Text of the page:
Other Countries Pay for Drug Innovation, Should They Have to Pay for Marketing As Well?

In an NYT Upshot piece on innovation in health care, Aaron Carroll and Austin Frakt argue that the U.S. subsidizes other countries health care by paying higher prices for prescription drugs. This is far from obvious.

Since the U.S. grants patent monopolies and then puts no checks on prices, brand drugs do cost far more here than elsewhere, but that doesn’t mean that other countries are not paying enough to support innovation. The price of patent-protected brand drugs is on average around ten times their free market price. In Europe and Canada, prices are around half the U.S. price which means they are around five times the free market price.

This gap between the patent-protected price in other wealthy countries and the free market price should be more than enough to support the research done by the pharmaceutical industry. (They claim to spend around $50 billion a year on research directly. Even adding in what they pay to buy up other companies only gets to around $100 billion, a bit more than 20 percent of annual U.S. spending on drugs.)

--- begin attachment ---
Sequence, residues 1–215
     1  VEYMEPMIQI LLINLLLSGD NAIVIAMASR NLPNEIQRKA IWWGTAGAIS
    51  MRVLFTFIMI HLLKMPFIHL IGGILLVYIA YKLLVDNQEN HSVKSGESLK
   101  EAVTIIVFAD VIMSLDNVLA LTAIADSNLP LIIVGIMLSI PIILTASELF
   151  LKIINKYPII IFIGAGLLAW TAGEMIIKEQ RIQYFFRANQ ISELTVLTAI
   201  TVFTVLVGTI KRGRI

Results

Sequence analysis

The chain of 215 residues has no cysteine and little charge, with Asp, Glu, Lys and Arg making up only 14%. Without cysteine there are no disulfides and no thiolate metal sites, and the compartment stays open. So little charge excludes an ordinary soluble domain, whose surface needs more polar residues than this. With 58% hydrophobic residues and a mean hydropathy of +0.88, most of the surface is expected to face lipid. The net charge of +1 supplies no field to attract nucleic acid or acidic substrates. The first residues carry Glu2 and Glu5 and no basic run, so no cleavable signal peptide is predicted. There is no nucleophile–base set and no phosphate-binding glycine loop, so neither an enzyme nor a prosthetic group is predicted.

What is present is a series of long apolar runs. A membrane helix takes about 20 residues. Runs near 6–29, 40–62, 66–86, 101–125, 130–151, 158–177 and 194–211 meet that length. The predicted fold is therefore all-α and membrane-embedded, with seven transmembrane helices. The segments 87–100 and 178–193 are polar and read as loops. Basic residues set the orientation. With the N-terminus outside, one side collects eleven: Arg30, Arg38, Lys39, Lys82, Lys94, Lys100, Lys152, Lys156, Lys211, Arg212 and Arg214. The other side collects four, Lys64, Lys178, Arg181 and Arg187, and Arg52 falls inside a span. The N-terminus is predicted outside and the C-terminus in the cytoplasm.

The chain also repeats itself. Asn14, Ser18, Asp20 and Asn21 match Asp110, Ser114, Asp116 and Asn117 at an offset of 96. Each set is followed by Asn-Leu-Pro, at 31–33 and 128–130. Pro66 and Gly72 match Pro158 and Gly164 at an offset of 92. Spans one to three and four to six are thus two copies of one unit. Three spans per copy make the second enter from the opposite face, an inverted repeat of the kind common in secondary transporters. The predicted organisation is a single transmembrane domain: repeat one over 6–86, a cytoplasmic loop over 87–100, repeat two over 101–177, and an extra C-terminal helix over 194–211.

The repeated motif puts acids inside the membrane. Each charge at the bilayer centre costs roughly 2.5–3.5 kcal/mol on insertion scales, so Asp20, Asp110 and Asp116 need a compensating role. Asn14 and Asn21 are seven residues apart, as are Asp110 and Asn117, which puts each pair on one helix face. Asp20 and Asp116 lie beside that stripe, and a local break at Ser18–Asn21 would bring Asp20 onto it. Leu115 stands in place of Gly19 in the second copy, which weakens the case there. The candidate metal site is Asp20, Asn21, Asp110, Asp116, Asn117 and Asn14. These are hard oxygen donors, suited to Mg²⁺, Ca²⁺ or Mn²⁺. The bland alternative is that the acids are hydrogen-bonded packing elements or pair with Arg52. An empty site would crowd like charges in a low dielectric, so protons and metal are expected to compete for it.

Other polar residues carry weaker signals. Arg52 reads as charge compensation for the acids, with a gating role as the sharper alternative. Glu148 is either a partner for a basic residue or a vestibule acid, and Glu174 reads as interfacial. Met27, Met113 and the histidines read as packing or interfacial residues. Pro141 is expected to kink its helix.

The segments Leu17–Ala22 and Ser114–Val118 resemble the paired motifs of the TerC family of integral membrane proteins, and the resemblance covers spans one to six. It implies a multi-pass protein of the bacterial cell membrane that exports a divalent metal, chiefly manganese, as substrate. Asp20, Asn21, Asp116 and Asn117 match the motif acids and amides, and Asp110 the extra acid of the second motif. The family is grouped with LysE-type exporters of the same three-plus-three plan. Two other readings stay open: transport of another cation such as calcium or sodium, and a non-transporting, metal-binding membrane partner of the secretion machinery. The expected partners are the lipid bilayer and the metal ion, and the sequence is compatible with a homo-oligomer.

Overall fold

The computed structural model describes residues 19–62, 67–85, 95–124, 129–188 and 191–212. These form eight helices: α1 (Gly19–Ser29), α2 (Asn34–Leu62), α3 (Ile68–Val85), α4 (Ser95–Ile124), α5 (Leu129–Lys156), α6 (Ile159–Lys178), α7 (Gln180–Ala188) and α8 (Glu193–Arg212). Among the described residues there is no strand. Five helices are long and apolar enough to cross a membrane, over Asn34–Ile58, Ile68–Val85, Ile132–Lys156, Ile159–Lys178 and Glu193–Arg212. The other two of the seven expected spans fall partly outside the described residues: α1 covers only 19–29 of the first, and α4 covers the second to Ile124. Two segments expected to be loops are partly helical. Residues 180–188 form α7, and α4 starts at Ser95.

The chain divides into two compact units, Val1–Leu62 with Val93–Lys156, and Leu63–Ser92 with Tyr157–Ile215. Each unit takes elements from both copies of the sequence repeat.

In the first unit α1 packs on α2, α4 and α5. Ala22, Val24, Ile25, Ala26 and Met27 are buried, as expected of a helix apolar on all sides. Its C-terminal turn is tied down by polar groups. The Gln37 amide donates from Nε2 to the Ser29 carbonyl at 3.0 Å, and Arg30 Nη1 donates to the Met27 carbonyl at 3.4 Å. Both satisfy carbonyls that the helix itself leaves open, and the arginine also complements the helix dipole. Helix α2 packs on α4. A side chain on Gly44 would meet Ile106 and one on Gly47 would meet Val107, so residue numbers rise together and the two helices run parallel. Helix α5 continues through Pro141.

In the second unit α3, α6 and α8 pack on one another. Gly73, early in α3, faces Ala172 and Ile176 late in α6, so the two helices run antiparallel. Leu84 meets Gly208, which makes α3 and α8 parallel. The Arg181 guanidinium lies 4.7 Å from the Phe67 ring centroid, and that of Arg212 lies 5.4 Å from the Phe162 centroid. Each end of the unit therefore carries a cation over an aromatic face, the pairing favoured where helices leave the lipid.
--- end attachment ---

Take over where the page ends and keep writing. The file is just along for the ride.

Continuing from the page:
European levels of spending may not be sufficient to support the marketing and profits of the U.S. industry, but that speaks more to the inefficiency of the U.S. industry, not the failure of other countries to pay for research. It is also worth noting that without the perverse incentives created by patent monopolies, the research process would almost certainly be more efficient.

There would be no incentive to spend money researching duplicative drugs simply to share in the patent rents of a breakthrough drug. This doesn’t mean that it is not desirable to have multiple drugs for a specific condition, but the priority of developing a second, third, or fourth drug for a condition where an effective treatment already exists is almost certainly lower than developing a drug for a condition for which no effective treatment exists. Ending the reliance on patent-supported research would also take away the incentive for drug companies to misrepresent the safety and effectiveness of their drugs.

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